The Decency Foundation cares deeply about treating land, animals, others and ourselves with upmost decency. This includes ensuring that the people we work with making a decent living. Before our current venture, Nu.Ag, our pilot project was Working Meals, a campaign that provided meals to furloughed restaurant workers and frontline healthcare workers at the start of the COVID-19 pandemic. We teamed up with local restaurants and food sources to support those who needed it most. Though our focus has shifted towards small business farmers, we want to express our support for any small businesses out there and their ability to make a livable wage by sharing some resources on the topic.
Surviving the Unlivable Wage Documentary
This short documentary, made by CBS, is a good introduction to issues surrounding the country’s current minimum wage, as well as the restaurant industry. It highlights the lives of those working low-paying restaurant jobs and discussing how they get by. "The federal minimum wage in the United States is $7.25 an hour," host Adam Yamaguchi explains. "But there's an exception for employees that earn tips, called the tipped minimum wage that allows restaurants to pay as little as $2.13 an hour in fifteen states." Instead of having an appropriate hourly wage and tips, the tips essentially serve as the hourly wage, which makes it incredibly difficult to make a livable wage, let alone save money.
Raising the minimum wage has been a widely contested topic, especially during the COVID-19 pandemic. This documentary was released in late March 2020, but filmed before the pandemic struck, and the issues discussed in this documentary have continued to rise to prominence. One of the ways we can be decent to our workers is by paying them a livable wage, whether they're a restaurant worker, farmer, or work in a completely different industry.
Watch the documentary here.
A Living Wage: American Workers and the Making of Consumer Society by Lawrence B. Glickman
The topics covered in the CBS documentary serve as an introduction, whereas the rest of these resources dig deep. This book, published in 1997, is the oldest resource on this list, but details this country's long-standing history of exploiting our workers. The author goes all the way back to the mid-1800s to discuss the working conditions and extremely low "slave wages" collected by blue collar workers. Due to increased demand for better wages and the formation of unions, the labor movement was able to continuously improve their salaries and working conditions. Glickman also explores the "racial, ethnic and gender" discourse surrounding the labor movement, and how the added struggles minority groups have faced as they fought for their rights as well.
Though this book discusses events that occurred well over a century ago, and this book was published over twenty years ago, it's shocking to see what has changed... and what hasn't. Though the push for livable wages, better working conditions, and benefits has slowly improved over time, the COVID-19 pandemic brought many of these subjects back into the spotlight.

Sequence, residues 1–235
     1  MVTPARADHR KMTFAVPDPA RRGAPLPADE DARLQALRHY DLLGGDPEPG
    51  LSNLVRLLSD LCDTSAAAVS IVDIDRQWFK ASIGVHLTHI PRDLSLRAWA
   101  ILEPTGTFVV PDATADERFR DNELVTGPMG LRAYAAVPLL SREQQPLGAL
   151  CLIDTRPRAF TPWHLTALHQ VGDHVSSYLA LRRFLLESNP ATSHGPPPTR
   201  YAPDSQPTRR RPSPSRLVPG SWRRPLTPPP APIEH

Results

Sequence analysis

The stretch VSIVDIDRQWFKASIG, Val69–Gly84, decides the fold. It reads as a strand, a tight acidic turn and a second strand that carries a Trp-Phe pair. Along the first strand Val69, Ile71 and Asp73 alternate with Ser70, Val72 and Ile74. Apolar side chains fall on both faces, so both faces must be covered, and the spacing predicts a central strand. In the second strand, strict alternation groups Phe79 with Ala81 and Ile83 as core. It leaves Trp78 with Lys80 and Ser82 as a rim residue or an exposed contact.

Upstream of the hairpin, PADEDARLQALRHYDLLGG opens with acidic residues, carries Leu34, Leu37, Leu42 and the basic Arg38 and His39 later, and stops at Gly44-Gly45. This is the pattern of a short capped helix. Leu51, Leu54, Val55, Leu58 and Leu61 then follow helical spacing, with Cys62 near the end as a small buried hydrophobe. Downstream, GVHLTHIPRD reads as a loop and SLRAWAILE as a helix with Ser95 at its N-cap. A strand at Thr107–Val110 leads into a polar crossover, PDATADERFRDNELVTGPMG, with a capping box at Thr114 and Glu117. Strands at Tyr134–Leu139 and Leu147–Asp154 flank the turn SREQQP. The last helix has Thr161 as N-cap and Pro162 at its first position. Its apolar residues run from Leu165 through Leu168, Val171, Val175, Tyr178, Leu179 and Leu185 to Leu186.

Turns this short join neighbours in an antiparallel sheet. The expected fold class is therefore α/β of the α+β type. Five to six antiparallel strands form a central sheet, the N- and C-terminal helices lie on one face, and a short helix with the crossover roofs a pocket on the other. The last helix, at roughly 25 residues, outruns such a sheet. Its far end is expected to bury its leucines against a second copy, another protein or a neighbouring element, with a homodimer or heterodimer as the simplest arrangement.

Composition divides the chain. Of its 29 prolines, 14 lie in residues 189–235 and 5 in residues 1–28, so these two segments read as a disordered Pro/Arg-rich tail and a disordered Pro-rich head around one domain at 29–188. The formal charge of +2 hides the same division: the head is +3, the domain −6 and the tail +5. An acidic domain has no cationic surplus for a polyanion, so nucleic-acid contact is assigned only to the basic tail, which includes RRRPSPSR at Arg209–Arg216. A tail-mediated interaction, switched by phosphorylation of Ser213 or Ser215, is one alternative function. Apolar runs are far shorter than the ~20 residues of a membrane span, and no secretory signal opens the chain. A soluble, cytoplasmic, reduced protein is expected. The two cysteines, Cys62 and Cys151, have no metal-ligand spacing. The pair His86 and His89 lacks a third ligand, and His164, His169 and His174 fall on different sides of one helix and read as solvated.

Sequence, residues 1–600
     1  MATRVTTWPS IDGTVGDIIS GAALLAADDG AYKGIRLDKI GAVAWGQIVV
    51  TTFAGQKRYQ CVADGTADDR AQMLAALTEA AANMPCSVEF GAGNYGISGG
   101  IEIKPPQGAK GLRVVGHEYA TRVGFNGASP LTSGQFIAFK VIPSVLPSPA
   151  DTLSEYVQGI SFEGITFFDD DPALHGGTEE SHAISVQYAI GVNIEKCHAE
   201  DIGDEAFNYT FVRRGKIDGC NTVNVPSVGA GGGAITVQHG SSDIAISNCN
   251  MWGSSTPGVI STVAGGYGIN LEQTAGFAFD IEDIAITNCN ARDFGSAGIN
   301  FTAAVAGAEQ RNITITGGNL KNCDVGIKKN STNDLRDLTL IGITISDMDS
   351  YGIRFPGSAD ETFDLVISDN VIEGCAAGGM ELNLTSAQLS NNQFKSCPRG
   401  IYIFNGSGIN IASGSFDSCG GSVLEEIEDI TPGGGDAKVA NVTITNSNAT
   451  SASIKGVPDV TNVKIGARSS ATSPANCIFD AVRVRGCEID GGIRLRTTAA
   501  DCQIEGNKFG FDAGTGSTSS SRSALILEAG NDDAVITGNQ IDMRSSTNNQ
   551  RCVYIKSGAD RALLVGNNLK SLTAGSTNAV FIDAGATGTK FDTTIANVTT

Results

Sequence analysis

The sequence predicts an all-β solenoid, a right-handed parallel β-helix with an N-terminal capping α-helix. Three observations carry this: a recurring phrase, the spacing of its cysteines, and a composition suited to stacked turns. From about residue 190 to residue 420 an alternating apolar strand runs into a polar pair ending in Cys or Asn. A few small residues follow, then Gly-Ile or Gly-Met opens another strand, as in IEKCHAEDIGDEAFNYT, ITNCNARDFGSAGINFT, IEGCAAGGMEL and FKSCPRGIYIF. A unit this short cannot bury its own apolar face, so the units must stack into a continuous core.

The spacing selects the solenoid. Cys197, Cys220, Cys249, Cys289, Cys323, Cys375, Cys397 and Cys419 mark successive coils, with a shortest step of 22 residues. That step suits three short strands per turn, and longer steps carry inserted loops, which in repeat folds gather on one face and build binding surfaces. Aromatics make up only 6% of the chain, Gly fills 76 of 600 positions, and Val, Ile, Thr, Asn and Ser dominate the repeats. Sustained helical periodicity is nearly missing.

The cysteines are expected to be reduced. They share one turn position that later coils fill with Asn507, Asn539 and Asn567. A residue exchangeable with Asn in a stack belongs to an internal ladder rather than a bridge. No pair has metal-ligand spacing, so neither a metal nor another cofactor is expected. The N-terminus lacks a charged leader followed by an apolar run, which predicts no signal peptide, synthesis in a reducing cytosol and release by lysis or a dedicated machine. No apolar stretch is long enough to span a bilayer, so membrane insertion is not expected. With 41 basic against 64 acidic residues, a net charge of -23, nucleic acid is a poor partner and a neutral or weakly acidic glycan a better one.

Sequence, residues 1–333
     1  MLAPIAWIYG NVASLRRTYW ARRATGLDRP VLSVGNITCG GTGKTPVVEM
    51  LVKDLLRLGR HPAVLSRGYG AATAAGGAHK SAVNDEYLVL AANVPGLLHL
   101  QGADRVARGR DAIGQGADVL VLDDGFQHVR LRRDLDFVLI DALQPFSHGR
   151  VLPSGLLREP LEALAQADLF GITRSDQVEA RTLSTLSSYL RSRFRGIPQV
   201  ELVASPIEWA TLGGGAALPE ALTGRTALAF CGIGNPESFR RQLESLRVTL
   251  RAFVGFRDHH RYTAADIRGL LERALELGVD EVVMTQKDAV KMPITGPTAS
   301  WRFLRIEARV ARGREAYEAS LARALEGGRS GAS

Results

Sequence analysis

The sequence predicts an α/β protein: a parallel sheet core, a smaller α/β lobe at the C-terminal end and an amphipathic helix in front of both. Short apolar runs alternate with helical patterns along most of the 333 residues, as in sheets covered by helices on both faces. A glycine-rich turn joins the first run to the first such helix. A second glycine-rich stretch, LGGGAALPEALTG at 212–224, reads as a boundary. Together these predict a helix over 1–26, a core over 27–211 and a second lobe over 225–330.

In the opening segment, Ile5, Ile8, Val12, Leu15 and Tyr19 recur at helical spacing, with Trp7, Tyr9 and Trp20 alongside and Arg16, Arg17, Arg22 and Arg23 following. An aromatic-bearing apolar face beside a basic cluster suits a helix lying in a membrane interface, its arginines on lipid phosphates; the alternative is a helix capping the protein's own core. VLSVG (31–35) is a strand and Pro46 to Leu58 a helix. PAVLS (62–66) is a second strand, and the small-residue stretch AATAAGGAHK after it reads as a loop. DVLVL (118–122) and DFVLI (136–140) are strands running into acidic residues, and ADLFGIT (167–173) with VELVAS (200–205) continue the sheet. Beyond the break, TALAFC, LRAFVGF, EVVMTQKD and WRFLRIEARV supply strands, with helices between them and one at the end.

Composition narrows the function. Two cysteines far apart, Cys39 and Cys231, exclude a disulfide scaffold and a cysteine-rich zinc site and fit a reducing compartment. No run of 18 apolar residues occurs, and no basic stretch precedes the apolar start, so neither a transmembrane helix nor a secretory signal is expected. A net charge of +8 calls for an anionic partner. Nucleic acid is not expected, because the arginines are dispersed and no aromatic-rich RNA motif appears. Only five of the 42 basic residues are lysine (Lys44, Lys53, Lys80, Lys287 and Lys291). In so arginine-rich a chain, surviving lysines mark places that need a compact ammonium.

Get the ebook here.
$2 a Day: Living on Almost Nothing in America by Kathryn J. Edin and H. Luke Shaefer
When this book was published in 2015, one and a half million American families were living on $2 a day. Edin, a longtime researcher of American poverty, teamed up with Shaefer, an expert in calculating incomes of the poor, to figure out how families landed in this position, how they get by, and how this country has failed to give them a livable wage.
It’s not hard to believe the number of families in poverty has increased since the start of the COVID-19 pandemic, and yet, some lawmakers insist on keeping the national minimum wage the same. “The authors illuminate a troubling trend: a low-wage labor market that increasingly fails to deliver a living wage, and a growing but hidden landscape of survival strategies among America’s extreme poor. More than a powerful exposé, $2.00 a Day delivers new evidence and new ideas to our national debate on income inequality.”
Buy the book here.
Bite Back: People Taking on Corporate Food and Winning by Saru Jayaraman
This book came out a few months into the COVID-19 pandemic, and it couldn't have come out at a better time. Jayaraman, who co-founded the Restaurant Opportunities Centers United (ROC), a nonprofit dedicated to raising wages and improving working conditions in the service industry, blends commentary about environmentalism, food systems and workers' rights seamlessly. Bite Back details the ways in which our current food system is broken; these issues range from environmental degradation to wage inequality. But for every problem the book highlights, it offers the solution thought up and executed by farmers, environmentalists and other activists. "This unique solutions-oriented book allows readers to explore the core contemporary challenges embedded in our food system and learn how we can push back against corporate greed to benefit workers and consumers everywhere." Jayaraman's upcoming book, One Fair Wage: Ending Subminimum Pay in America, is being released in November, seems almost like a sequel to Bite Back and will no doubt continue the conversations started in that book.
Buy the book here.
There are countless articles about this topic coming out right now, and encourage you to read those as well! These resources just detail how we got to where we are today, and what we can do to push for a better future.